9th Sunday after Pentecost
Here are some excerpts from the 1962 Roman Catholic Daily Missal on the 9th Sunday after Pentecost, and today's gospel is also very beautiful ...
God is our Helper, and He will always come to our aid: He wil open the ears of His Mercy to our prayers, and will not allow us to be tempted beyond our strength. Let us obey therefore with joy the precepts of the Lord, let us worthily attend the mysteries of holy Mass, and partake of the Body of the Lord, the manna of our souls.
Introit (Ps. 53: 6, 7, 3)
Behold, God is my helper, and the Lord is the protector of my soul: turn back the evils upon mine enemies, and cut them off in Thy truth, O Lord, my protector. (Psalm) Save me, O God, by Thy name, and deliver me in Thy strength. Glory be to the Father.
Ecce Deus adjuvat me, et Dominus susceptor est animae meae: averte mala inimicis meis, et in veritate tua disperde illos, protector meus, Domine. (Psalm) Deus in nomine tuo salvum me fac: et in virtute tua libera me. Gloria Patri. Ecce Deus adjuvat me ...
Gradual (Ps. 8: 2)
Domine Dominus noster, quam admirabile est nomen tuum in universa terra! Quoniam elevata est magnificentia tua super coelos.
Communion (John 6:57)
He that eateth My Flesh, and drinketh My Blood, abideth in Me, and I in him, saith the Lord.
Qui manducat meam carnem, et bibit meum sanguinem, in me manet, et ego in eo, dicit Dominus.
ASPIRATION: I beseech Thee, O Lord, who didst weep over the city of Jerusalem, because it knew not the time of its visitation, to enlighten my heart, that I may know and profit by the season of grace.
And here's a beautiful meditation on Jesus weeping over Jerusalem, from the book, Alone with God by Fr. J. Heyrman S.J. :
JESUS WEEPS OVER JERUSALEM
Luke 19: 41-47
1. In the Gospel of this Sunday we read that Jesus wept. Only twice do the Evangelists record that Jesus shed tears, once before the grave of Lazarus, and then on this occasion when He thought of the terrible chastisement that would overtake the guilty city. Only just now He has allowed the Galileans to acclaim Him as Messiah, and in the midst of the exulting multitude He goes down from Bethania to Jerusalem. There lay before Him the city of David, with its marble Temple, glittering in the rays of the sun. For a moment He stood still, contemplating the splendid scene for the last time. Behind this splendour His prophetic eye discerned the frightful picture of the destruction of the doomed city, and His Heart was stirred with compassion. “And when He drew near, seeing the city, He wept over it” (Luke 19:41).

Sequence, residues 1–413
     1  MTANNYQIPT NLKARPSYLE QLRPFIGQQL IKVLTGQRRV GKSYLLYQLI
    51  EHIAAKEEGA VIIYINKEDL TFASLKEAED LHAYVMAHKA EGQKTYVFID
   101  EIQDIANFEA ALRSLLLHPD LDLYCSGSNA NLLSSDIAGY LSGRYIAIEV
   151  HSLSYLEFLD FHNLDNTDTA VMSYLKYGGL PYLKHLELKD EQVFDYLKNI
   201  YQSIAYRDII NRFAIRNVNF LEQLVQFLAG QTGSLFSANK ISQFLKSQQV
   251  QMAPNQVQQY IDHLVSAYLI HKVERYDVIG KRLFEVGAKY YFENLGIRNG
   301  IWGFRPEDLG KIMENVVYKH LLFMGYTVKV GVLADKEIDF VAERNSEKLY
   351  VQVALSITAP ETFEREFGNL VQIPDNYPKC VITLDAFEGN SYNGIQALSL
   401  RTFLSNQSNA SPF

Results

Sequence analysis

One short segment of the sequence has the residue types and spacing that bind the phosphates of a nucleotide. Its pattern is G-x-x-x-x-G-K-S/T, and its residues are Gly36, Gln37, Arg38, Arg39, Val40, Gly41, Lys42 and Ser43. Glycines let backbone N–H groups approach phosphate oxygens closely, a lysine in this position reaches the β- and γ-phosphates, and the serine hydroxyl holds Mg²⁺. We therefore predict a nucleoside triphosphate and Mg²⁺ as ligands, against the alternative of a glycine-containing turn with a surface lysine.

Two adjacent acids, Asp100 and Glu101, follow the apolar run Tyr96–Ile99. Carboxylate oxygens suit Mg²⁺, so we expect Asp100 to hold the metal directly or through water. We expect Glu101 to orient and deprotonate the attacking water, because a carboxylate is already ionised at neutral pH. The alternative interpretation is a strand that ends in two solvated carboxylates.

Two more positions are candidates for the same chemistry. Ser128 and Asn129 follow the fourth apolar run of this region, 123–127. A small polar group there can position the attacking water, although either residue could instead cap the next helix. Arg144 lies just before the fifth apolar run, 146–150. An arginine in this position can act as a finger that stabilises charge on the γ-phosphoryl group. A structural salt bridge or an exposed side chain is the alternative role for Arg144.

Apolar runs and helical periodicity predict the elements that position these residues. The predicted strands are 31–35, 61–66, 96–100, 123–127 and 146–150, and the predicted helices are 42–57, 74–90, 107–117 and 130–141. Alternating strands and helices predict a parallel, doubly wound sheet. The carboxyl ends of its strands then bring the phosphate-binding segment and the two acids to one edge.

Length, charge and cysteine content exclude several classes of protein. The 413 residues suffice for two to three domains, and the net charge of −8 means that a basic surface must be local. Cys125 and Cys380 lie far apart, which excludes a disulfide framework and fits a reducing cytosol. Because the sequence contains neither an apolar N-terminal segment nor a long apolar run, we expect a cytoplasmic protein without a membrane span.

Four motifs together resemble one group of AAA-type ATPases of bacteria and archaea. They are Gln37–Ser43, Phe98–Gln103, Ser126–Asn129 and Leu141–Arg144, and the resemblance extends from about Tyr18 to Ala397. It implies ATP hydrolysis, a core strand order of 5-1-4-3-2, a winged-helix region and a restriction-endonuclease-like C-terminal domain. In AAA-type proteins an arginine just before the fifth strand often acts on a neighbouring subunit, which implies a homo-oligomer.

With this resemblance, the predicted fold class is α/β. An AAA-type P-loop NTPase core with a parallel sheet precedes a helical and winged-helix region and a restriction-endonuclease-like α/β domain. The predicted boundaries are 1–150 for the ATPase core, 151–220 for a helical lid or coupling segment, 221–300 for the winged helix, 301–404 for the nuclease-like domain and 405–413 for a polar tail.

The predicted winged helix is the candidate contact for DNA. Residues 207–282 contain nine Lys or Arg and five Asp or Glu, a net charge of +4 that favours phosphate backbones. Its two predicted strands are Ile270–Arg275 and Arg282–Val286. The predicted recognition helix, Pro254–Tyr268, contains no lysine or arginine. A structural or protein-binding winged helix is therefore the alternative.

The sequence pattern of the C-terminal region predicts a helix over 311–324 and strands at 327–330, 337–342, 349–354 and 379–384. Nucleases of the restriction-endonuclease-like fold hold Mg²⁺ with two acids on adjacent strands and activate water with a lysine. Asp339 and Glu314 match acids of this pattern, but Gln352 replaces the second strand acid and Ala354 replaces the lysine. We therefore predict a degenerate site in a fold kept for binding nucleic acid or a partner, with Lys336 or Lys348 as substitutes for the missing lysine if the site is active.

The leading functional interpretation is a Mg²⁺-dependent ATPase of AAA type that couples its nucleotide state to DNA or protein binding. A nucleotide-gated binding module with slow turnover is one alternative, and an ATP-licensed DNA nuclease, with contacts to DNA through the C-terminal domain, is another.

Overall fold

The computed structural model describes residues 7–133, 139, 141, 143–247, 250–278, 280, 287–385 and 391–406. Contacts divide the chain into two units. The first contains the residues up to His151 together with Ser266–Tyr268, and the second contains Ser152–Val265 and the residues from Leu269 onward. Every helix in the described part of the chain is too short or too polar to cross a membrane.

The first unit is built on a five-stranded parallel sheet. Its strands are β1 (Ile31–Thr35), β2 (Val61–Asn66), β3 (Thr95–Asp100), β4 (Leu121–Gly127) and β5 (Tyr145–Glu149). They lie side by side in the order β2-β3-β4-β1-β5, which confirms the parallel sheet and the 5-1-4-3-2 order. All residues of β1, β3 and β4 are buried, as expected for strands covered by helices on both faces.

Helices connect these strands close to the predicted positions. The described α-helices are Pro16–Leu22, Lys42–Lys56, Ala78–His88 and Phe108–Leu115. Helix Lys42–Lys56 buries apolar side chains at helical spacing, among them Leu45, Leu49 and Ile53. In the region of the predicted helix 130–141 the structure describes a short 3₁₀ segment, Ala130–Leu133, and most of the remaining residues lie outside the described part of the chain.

2. Petition: The grace lovingly and reverently to share the profound emotion of His divine and human heart. “Behold how He loved” the city of His fathers, His nation, us all!
I. The Circumstances
The event occurred during our Lord’s triumphal entry into Jerusalem, whilst the multitudes that preceded and that followed Him “cried saying: Hosanna to the Son of David; Blessed is He that cometh in the name of the Lord; Hosanna in the highest” (Mt. 21: 9).
Perhaps it has happened to us that, after “a perfect day” when we had savoured the expression of men’s gratitude and esteem, after darkness and silence had cast their pall over us, we deeply felt the utter vanity of all earthly things. For Jesus there was no need that the day should pass away: the tragedy of the cross was ever before His eyes. Our mind gets completely absorbed in the event of the moment: not so the mind of Jesus. He remembered the fickleness of the people, and the hatred and envy of the Pharisees who were determined to put Him to death.
While the multitude was leading Him in triumph into the city, His thoughts went to the Father: “Yea Father, for so it hath seemed good in thy sight” (Mt. 11:26). What was written must be fulfilled: the daughter of Sion should pay Him the homage due to her Messiah.